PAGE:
Second phase (2010-2014)
After applying successfully for further funding from the HIV Prevention Trials Capacity Building Grants programme, CIET is undertaking the second phase of the ADAPT programme from the end of 2010 to the beginning of 2014.
The ADAPT programme is sponsoring two people to undertake Masters programmes at the University of the Witwatersrand and the University of Pretoria in South Africa, and four others to undertake Bachelors programmes [at UNISA and the University of Namibia].
In October 2011, the ADAPT programme collaborated with the government of Botswana to run a two day training session for parliamentarians about evidence-based decision making. A further training session took place over two days in November 2012.
Dr Anne Cockcroft guides parliamentarians through a discussion.
Photo: Moses Magadza
Within another project, CIET is developing an open and distance learning (ODL) MScEpidemiology course. Participants in the ADAPT programme will have the opportunity to be exposed to the online materials as they are developed.In July 2012, Dr Beverley Shea from the ADAPT2 team taught a one week module on systematic reviews (increasingly a requirement before any trial is undertaken) for faculty members of the School of Nursing and Public Health (SNPH) at the University of Namibia (UNAM). This helped to build capacities of UNAM faculty members to teach the module themselves, when it becomes an optional module within the SNPH Masters in Public Health course in 2014.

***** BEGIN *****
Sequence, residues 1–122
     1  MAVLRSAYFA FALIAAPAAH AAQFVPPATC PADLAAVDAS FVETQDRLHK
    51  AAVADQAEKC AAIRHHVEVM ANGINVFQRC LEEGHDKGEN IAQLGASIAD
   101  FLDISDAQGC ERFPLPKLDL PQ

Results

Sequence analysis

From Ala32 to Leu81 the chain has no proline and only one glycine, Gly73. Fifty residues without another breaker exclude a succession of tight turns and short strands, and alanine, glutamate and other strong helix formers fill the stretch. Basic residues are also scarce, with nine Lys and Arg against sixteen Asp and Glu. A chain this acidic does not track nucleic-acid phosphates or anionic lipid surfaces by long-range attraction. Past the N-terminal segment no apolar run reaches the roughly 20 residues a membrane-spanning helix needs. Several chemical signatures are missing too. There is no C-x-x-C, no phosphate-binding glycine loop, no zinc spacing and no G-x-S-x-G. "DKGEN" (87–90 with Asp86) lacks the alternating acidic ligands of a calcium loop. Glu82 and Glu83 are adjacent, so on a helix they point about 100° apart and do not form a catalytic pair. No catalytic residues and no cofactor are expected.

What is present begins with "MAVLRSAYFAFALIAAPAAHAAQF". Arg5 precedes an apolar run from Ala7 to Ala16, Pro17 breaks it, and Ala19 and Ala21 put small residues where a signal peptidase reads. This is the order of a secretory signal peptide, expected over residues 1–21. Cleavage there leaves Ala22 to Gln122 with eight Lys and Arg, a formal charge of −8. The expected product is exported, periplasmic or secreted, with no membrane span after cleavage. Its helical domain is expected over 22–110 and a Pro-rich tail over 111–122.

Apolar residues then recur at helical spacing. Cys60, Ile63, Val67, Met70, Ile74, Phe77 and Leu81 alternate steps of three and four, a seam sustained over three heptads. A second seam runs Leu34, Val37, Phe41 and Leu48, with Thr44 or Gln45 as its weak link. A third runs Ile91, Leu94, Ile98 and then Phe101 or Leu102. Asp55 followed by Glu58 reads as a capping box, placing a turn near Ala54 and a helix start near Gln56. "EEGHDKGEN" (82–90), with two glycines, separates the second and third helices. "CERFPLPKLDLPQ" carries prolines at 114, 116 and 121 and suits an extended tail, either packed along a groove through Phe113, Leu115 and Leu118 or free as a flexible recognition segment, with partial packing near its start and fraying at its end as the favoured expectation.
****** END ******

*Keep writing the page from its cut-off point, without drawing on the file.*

The National Institute for Communicable Diseases (NICD) in Johannesburg, South Africa, an ADAPT collaborating partner, is offering two short courses in laboratory skills relevant to HIV prevention trials. The first one-week course in early 2013 will cover basic HIV serology, techniques such as PCR, and essential laboratory quality management. National HIV laboratories in SADC countries are nominating participants for this course.
In January and February 2013 a three week block of intensive training in evidence-based planning and randomised controlled trails for HIV researchers in SADC countries took place in Gaborone, Botswana. Most of the 21 participants were nominated by their National AIDS Authorities. The HIV Unit in the SADC Secretariat in Botswana is very supportive of this initiative and made a presentation on their work during the course.